I have to admit that my first attempt to use R to analyze and visualize OSM data was a complete disaster. It was done for a course work, where I was trying to output a land use map of a city with OSM extracts for the particular city and R. I was working with the package ‘osmar’ and within few hours of experiments it was apparent there were a lot of problems arising from my approach. The first problem was that the data-set was huge at a city level. Though I knew it beforehand, I never expected it to be unmanageable. During my initial runs, R used to take as long as 15 min to load the data and some times gave “memory not sufficient” errors as well. So I had to restrict my attempt with smaller cities, which had a smaller data-set. The second problem was the coverage as you can clearly see in the map below the land use information was not complete and left huge holes in the map I was trying to create. Final one was the tags, which were neither standardized nor consistent. So when I tried printing a land use map, it had 42 categories of land uses and made no sense at all. If I wanted to make any sense out of the data I had to manually sort all these categories to a standard classification, which is not feasible with bigger cities like London.
After this exercise I realized the need to find a way to breakdown and filter the OSM data into more manageable part in terms of geography and tags and also to calculate basic statistics on the filtered data. For example even though ‘osmar’ provides ways to import OSM data in XML format and convert them to ‘sp’ files, It cannot filter the data geographically beyond a bounding box. moreover the OSM API for downloading such data also restricts itself to 20,000 features which too small a scale for many practical purposes. It also imports all the features at once without any option to select the features you want to import based on the tags or type(polygons,lines etc). The resulting file is also devoid of any projections which makes it harder to do any geographic analysis over it.
This experience along with the final course work in the GISS module, gave me the opportunity to develop a function (aosm -Analyze OpenStreetMap) combining the functionality provided by the ‘osmar’ package in R along with OSM tools such as osmosis (java based tool to manipulate OSM data). The original plan was to create function to produce a precise plot of geographic data from OSM data with options to filter the data geographically (polygons) and based on tags(highways, amenities etc.) but I decided to keep the plotting part out of the function to keep it flexible and add a small analysis component to make it more useful . So the overall plan now is as shown in the flow chart below. I wanted the function to be aware of the environment (to check and see if local data is present and convert them to suitable formats), flexible (in terms of input data) and extendable with an option to add more functionality later on. The tool kit envisioned here is regional OSM extracts for the base data, osmosis for filtering data, ‘osmar’ for importing and converting data, ‘maptools’/’rgeos’ for geographic analysis of the data and expecting to output an ‘sp’ object with the data preserved in it for further analysis.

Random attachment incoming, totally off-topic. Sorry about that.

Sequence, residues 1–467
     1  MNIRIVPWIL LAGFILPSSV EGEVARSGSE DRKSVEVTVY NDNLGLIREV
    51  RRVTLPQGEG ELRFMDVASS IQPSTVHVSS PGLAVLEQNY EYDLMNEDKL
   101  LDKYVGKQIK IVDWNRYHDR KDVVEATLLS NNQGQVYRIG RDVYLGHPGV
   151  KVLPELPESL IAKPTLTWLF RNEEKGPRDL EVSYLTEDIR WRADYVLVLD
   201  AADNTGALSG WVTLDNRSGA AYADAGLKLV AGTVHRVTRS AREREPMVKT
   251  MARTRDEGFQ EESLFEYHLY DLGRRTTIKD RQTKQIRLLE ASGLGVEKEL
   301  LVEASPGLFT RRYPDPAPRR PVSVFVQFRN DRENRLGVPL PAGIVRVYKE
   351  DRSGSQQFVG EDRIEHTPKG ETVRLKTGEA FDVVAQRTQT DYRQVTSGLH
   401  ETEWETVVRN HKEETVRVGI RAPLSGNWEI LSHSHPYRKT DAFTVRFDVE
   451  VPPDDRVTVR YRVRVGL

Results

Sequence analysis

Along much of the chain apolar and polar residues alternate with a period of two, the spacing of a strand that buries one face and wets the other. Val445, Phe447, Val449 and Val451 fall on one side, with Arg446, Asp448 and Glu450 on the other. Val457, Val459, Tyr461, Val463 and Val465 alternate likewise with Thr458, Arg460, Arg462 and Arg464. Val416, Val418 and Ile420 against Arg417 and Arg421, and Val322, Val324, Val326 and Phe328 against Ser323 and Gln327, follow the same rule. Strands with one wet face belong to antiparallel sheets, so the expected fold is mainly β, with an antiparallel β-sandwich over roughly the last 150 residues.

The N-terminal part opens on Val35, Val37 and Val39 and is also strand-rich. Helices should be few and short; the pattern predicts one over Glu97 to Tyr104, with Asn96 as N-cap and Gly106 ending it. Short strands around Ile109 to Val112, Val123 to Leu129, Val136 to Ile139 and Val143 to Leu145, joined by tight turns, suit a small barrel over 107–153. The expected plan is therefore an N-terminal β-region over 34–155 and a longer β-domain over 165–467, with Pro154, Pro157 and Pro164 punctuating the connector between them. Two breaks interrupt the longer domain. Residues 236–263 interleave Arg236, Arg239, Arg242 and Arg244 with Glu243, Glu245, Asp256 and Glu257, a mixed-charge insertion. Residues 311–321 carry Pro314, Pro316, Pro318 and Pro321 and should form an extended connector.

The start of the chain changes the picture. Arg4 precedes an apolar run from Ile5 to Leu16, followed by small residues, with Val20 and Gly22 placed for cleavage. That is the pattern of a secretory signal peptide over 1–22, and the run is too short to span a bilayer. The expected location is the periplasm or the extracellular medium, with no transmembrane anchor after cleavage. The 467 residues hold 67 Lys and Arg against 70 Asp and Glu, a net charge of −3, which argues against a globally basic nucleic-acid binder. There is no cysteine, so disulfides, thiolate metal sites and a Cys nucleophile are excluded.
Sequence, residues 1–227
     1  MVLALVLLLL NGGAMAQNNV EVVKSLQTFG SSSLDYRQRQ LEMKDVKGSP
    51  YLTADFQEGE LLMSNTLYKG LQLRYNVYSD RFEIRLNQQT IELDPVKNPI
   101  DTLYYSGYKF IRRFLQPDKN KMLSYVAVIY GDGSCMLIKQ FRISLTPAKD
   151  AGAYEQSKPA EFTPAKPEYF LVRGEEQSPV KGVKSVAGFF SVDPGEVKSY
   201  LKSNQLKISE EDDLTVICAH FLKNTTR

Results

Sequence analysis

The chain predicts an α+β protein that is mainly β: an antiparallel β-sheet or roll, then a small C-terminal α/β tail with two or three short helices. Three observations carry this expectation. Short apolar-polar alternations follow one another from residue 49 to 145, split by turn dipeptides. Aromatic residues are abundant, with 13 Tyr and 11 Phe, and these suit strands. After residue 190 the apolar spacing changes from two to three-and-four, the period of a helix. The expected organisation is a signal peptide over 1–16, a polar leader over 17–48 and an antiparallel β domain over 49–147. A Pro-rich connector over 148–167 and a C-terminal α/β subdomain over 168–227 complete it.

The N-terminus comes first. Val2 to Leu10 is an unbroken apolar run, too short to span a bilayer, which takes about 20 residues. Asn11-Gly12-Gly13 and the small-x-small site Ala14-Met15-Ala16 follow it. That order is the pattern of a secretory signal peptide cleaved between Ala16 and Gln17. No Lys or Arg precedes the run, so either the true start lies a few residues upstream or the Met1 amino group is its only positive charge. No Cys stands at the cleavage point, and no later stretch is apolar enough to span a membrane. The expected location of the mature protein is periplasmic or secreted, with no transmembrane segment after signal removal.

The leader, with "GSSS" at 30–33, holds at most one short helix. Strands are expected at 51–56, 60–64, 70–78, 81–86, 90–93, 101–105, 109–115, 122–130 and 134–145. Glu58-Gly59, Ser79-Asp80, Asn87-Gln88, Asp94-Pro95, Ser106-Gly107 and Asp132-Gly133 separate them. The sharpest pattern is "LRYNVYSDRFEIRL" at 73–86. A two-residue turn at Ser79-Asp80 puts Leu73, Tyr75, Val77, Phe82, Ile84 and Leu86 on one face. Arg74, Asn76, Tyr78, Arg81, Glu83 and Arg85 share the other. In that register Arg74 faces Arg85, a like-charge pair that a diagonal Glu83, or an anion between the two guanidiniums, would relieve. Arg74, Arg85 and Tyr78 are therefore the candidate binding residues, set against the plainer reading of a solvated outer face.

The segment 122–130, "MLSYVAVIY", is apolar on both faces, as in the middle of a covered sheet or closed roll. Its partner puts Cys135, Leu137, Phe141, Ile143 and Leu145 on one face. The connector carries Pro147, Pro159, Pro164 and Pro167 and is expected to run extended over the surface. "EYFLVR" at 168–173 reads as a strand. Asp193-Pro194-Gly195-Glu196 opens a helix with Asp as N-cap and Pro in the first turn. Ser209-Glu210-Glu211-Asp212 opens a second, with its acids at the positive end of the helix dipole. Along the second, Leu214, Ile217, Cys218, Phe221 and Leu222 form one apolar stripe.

the function will look like this,object.name<-aosm(“city”,”filter-polygon”,”tags”,”analysis”,”type”)
where ‘city’ is the name of the city for which the data has to be downloaded, ‘filter-polygon’ is the name of the .poly file which denotes the specific geographic area one is concerned with (eg. boroughs in London , ‘tags’ is the key and values in the specific keys which need to be extracted, ‘analysis’ is the type of analysis you want to do on the file (eg. ‘default’ will return an ‘sp’ object, ‘utm’ will return a projected ‘sp’ object, ‘area’ will return the sum of all areas of the features etc) and ‘type’ denoting the type of the features (lines, points, polygons).
I have already started working on the function and I am in the final stages of producing a first usable draft. Will be updating the blog with the code and the results shortly once the code is usable.